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Dutch court acquits Shell on majority of Niger Delta charges

Four out of five oil pollution charges thrown out

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Anglo-Dutch oil major Shell has been acquitted of four out of five charges brought against it over oil pollution in the Niger Delta region, Nigeria.

The landmark case was initiated by four Nigerian farmers and Friends of the Earth who had alleged that oil spills caused by Shell’s leaking pipelines had poisoned their fish ponds and farmland. The case was linked to spills in Goi, Ogoniland; Oruma in Bayelsa State and a third in Ikot Ada Udo, Akwa Ibom State.

"This court has established that four oil spills were not caused by defective maintenance by Shell but by sabotage from third parties," the court said, adding that according to the domestic law in Nigeria, the firm was not responsible for damage caused in this way.

However, in a ruling on Wednesday the court did find the oil major’s subsidiary – Shell Nigeria – to be culpable of one charge of pollution, ordering it to pay compensation to one of the Nigerian farmers. The level of compensation will be ruled on at a later hearing date.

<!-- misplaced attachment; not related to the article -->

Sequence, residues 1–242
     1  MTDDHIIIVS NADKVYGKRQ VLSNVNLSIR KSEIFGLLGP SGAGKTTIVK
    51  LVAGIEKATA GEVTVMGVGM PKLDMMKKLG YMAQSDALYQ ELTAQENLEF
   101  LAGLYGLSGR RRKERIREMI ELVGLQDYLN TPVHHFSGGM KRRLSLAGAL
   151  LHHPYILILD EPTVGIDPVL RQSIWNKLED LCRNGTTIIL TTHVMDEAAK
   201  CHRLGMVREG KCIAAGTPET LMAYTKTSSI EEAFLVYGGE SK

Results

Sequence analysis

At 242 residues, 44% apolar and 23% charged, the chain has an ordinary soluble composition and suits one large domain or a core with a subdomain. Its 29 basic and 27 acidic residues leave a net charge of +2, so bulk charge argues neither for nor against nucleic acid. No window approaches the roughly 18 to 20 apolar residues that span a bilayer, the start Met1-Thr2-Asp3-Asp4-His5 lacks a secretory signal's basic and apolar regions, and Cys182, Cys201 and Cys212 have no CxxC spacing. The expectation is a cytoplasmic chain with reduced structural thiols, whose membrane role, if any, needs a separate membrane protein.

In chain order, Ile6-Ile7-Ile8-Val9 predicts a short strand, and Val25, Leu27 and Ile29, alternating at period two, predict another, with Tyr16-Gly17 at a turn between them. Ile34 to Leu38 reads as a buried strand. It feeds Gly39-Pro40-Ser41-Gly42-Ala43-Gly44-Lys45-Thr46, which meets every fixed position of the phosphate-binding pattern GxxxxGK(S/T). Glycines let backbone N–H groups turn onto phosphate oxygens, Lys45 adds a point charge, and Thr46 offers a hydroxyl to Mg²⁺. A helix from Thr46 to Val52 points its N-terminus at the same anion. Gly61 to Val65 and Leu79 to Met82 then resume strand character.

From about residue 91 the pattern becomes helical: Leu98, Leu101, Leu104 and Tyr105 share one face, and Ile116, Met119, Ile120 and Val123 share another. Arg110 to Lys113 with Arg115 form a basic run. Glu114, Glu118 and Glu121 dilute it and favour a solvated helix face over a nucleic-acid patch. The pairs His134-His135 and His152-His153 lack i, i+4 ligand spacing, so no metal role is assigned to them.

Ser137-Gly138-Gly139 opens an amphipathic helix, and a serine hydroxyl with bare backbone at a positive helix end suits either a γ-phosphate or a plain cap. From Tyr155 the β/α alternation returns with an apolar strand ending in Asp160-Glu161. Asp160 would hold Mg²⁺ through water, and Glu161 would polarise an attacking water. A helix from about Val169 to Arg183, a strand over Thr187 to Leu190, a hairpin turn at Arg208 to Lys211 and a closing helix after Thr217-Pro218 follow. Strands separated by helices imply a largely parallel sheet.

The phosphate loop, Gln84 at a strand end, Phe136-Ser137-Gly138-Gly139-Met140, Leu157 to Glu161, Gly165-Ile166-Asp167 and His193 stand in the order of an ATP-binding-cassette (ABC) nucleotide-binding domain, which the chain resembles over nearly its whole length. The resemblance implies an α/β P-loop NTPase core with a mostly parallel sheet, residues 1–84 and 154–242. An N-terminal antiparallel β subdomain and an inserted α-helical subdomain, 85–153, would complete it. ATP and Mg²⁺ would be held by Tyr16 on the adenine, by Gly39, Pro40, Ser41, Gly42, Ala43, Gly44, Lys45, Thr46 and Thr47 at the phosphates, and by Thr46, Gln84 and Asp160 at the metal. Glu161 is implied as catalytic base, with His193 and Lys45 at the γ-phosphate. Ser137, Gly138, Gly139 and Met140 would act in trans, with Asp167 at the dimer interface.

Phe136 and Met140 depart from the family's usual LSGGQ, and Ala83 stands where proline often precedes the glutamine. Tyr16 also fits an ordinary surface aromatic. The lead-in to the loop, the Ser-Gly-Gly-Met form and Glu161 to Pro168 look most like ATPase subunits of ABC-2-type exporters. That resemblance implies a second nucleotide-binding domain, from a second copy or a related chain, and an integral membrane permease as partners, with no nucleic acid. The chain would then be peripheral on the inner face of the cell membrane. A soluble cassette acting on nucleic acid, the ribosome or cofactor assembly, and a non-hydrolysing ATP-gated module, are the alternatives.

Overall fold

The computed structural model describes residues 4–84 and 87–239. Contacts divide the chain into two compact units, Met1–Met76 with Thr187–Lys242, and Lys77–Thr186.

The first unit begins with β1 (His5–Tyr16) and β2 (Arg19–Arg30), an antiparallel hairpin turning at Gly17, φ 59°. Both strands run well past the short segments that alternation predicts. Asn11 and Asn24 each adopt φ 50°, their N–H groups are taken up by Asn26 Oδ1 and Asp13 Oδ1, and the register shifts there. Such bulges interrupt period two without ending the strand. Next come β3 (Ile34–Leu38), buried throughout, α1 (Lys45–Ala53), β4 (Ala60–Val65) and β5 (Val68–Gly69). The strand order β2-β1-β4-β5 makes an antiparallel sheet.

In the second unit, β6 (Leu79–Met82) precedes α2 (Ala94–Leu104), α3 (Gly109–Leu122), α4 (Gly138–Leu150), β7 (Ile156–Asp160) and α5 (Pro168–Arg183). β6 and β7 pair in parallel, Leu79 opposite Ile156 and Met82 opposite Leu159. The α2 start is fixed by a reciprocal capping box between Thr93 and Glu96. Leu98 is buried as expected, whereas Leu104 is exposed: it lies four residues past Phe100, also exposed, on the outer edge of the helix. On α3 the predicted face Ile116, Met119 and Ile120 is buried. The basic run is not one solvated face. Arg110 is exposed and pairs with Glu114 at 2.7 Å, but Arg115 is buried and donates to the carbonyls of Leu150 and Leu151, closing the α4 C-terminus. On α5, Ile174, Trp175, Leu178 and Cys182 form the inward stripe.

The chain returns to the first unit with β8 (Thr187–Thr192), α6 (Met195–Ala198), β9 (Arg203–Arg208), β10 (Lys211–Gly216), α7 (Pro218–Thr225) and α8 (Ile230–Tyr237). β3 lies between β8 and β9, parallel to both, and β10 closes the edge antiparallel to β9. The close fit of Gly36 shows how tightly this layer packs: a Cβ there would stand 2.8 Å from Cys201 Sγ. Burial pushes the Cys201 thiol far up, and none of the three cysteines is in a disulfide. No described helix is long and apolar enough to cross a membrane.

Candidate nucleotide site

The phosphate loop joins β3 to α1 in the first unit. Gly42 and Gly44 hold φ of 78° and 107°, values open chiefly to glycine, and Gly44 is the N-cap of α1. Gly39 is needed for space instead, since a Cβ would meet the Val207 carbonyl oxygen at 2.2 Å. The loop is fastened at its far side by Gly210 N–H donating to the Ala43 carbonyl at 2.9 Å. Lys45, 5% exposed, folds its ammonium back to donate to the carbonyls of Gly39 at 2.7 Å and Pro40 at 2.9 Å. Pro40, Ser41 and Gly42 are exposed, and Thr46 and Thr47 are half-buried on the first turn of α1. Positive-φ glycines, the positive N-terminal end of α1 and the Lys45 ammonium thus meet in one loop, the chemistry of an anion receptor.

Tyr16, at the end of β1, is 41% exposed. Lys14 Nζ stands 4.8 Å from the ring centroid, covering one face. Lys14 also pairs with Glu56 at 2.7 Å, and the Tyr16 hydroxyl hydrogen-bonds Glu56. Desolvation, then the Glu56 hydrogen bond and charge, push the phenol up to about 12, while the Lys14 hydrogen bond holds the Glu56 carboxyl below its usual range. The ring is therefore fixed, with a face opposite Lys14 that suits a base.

The court said that in the fifth case Shell Nigeria neglected its duty of care adding that the company "could and should have prevented this sabotage in an easy way."

A spokesperson for the Friends of the Earth told CFOWorld that they were disappointed with the ruling and intended to launch an appeal.  



Dutch court acquits Shell on majority of Niger Delta charges

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